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24 Murder Counts, 116 Attempted Murder Counts For Colo. Shooting Suspect

Prosecutors in Colorado today charged James Holmes with 24 counts of murder and 116 counts of attempted murder in the July 20 deaths of 12 people and wounding of 58 during a shooting rampage at a movie theater in the Denver suburb of Aurora.

As we reported earlier, some legal experts had been expecting he could face at least two charges for each of the victims:

KUSA-TV legal analyst Scott Robinson, the Denver station says:

"Expects 12, first-degree murder charges. He expects 12 charges of extreme indifference homicide, for shooting into a crowded theater. Robinson also said he expects at least 58 charges of attempted murder."

That is indeed what prosecutors have done. In the "complaint and information" that is now posted online, Holmes is charged with two crimes for each victim:

-- For those who were killed, he's charged with intentionally causing their deaths and with "extreme indifference to the value of human life generally" in causing their deaths.

-- For those who were injured, he's charged with attempted murder and with "extreme indifference to the value of human life generally" in committing that crime against them.

The Denver Post says that at this morning's hearing in Arapahoe County (Colo.), Holmes "was asked if he agreed to waive his right to a preliminary hearing within 35 days. He responded 'yes.' That was the only time he spoke."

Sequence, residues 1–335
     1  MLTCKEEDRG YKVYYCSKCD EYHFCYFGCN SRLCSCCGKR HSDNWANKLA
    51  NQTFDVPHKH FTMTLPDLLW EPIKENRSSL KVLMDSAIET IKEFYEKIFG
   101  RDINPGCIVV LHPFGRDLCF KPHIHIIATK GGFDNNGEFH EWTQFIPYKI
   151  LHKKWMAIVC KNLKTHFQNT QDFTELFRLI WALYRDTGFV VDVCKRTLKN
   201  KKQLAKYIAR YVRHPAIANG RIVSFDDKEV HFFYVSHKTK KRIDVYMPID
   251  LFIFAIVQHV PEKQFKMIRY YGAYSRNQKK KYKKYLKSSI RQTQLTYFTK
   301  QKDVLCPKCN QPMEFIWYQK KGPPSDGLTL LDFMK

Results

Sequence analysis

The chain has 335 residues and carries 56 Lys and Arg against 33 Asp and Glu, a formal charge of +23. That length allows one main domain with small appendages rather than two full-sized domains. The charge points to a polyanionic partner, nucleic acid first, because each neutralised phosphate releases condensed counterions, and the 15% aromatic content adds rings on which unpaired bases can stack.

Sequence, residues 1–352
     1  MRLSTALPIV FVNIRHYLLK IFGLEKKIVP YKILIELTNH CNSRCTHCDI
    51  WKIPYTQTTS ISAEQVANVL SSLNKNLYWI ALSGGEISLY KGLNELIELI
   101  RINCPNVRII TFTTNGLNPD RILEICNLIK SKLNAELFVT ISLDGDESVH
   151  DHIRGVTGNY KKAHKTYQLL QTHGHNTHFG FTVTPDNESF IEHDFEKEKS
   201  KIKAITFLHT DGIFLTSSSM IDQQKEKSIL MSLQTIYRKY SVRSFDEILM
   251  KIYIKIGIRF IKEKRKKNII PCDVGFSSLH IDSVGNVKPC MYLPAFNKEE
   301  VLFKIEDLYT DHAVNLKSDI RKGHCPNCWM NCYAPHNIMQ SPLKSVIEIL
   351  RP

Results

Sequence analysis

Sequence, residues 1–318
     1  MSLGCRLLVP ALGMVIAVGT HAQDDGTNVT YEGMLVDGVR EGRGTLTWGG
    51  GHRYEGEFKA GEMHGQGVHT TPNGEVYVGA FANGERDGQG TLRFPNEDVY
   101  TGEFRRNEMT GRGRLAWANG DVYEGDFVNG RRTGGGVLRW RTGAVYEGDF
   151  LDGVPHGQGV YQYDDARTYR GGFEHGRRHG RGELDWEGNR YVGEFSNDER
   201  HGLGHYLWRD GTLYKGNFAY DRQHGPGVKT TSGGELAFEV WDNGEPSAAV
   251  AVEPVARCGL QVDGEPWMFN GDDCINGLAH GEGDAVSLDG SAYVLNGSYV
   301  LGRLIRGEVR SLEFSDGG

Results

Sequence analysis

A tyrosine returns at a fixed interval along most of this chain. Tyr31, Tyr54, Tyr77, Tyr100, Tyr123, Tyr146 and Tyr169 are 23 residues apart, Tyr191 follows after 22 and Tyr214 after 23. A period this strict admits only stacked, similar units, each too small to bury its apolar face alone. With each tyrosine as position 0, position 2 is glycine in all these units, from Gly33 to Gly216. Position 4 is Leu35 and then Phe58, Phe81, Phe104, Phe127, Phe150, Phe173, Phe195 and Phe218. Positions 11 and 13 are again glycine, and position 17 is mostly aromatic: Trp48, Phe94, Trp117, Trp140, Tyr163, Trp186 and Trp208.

The 24-year-old Holmes was also charged "with one count of possession of explosives. Authorities say he booby trapped his apartment." And, he faces one count of a "crime of violence" for allegedly using deadly weapons.

The next court hearing, about news media challenges to the court's restrictions on releasing documents related to the case, is set for Aug. 9. NPR is among the news outlets challenging the restrictions.

Update at 1:20 p.m. ET. Preliminary Hearing In November:

"Judge William Sylvester, chief justice of the 18th Judicial District, set a date for a preliminary hearing on Nov. 12 and it is expected to take one week," according to the Post.

Update at 1:15 p.m. ET. "Just As Dazed":

"Holmes appeared just as dazed as he did in his first court appearance a week ago," The Associated Press reports, "but at one point he exchanged a few words with one of his attorneys in the packed courtroom."

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Mark Memmott is NPR's supervising senior editor for Standards & Practices. In that role, he's a resource for NPR's journalists – helping them raise the right questions as they do their work and uphold the organization's standards.